New illustration, finally finished ( like a month after I started )
The Mother of Faces, from the Avatar: The Last Airbender comic The Search.
iPad doodle of the day: Asuna & Kirito from Sword Art Online (which is totally redeeming itself with its third arc, the first was nearly flawless but the second was horrible)
You guys might recognize some of the thumbnails and a preview from a post awhile back… here’s the finished piece! :D
Done for the charity artbook Memorieal which recently gave us the go-ahead to upload the illustrations we did earlier this year. As a kid I had a flying/gliding bear species based off this stuffed animal (I named them “Pinky Bears” since I was an original precious snowflake). They were the mortal enemies of eagles, and they primarily ate fish — which they stored underground in burrows. Since that’s what bears do.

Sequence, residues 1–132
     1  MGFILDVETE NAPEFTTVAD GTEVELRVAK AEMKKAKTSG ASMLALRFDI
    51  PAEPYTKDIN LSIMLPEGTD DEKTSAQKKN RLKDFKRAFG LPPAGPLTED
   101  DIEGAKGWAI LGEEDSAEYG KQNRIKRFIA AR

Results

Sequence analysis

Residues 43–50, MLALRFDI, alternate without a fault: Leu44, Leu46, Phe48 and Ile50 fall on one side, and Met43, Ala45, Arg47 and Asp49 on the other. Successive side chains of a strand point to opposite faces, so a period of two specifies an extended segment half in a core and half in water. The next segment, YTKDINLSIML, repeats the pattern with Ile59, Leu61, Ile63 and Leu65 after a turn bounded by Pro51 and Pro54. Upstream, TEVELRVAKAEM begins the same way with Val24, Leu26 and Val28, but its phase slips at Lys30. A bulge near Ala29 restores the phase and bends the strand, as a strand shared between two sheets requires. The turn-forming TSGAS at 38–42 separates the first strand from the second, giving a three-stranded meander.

Is this one about to grab one or shake its fin? WE MAY NEVER KNOW.
THE UNCERTAINTY OF CHANGE: A CLOSER LOOK AT THE ‘LEGEND OF KORRA’ BOOK 3 FINALE
By Juliet Kahn
I re-watched “Sozin’s Comet” last night, in the wake of The Legend of Korra’s third season finale. It was still wonderful, still grand and gorgeous and heavy with emotion. But it felt different this time. It felt…funnier.